On this basis, he apparently predicates expression of a belief that such things will make it necessary to remove Pacific Coast war industries inland. The reasoning is at least extraordinary. If there were no planes and no danger, wherein does this particular incident in any way support the theory that our great aircraft industry should be moved inland?”

Army Sergeant Digging For A Shell In Los Angeles

International News Photos/University of Southern CaliforniaSergeant C.M. Weathers digs out an unexploded anti-aircraft shell in front of the garage of George Watson. To play it safe, in case it was a bomb, the street was roped off and a sign was posted reading, “Danger Unexploded Bomb.”

Confusion Raises More Questions

Adding to the confusion about the “Battle of Los Angeles” were conflicting comments from other military officials. Per another article in the February 26 issue of the Times: “One official source which declined to be quoted directly said American planes quickly went into action. Another said no United States Army planes took off because of the danger from anti-aircraft fire.”

With no clear answers in sight, the local press and sleep-deprived citizens continued to push for an explanation of what they had witnessed. In Washington, President Roosevelt was equally unsatisfied with the report he received from Army Chief of Staff George Marshall that “as many as fifteen planes may have been involved,” some of them possibly commercial, and asked Marshall for clarification.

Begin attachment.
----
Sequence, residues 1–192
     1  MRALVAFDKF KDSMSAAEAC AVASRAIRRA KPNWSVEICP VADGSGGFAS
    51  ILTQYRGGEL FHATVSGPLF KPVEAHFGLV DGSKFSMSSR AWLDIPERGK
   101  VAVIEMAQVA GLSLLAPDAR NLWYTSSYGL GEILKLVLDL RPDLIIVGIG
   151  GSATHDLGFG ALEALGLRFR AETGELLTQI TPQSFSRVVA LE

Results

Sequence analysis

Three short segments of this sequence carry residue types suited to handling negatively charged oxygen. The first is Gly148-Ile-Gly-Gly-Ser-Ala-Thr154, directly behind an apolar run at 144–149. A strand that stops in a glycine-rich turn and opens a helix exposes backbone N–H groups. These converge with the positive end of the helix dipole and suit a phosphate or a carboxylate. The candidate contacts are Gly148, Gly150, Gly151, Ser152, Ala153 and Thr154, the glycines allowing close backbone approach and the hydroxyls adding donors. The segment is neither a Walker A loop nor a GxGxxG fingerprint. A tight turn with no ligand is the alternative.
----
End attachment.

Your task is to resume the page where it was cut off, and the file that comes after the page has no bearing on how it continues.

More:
As is often the case when official explanations fall short, alternative and in some cases “far-out” ones rise to the fore.

The Battle of Los Angeles is no exception. In the intervening decades since the story took over the headlines and then faded away against the onslaught of news from the war front, the incident has become a popular subject for UFO theorists.

Was The Battle Of Los Angeles Caused By A UFO?

A radio broadcast from the day of the Battle of Los Angeles described how Angelenos ‘could plainly see the flashes of guns and searchlights sweeping the skies in a wide arc.’

The central connecting threads of the prevailing UFO theories are as follows. A mysterious craft appeared over Los Angeles, that in the words of some witnesses resembled a flying saucer. This detail has been enshrined by the sharing of photographs from publications showing what almost resembles a tripod from H.G. Wells’s The War of the Worlds.

According to one “witness” quoted on various conspiracy websites, “The object was huge! It was really enormous! It was practically hovering right over my house… It hardly moved at all. It looked like a lovely pale orange and about the most beautiful thing I have ever seen.”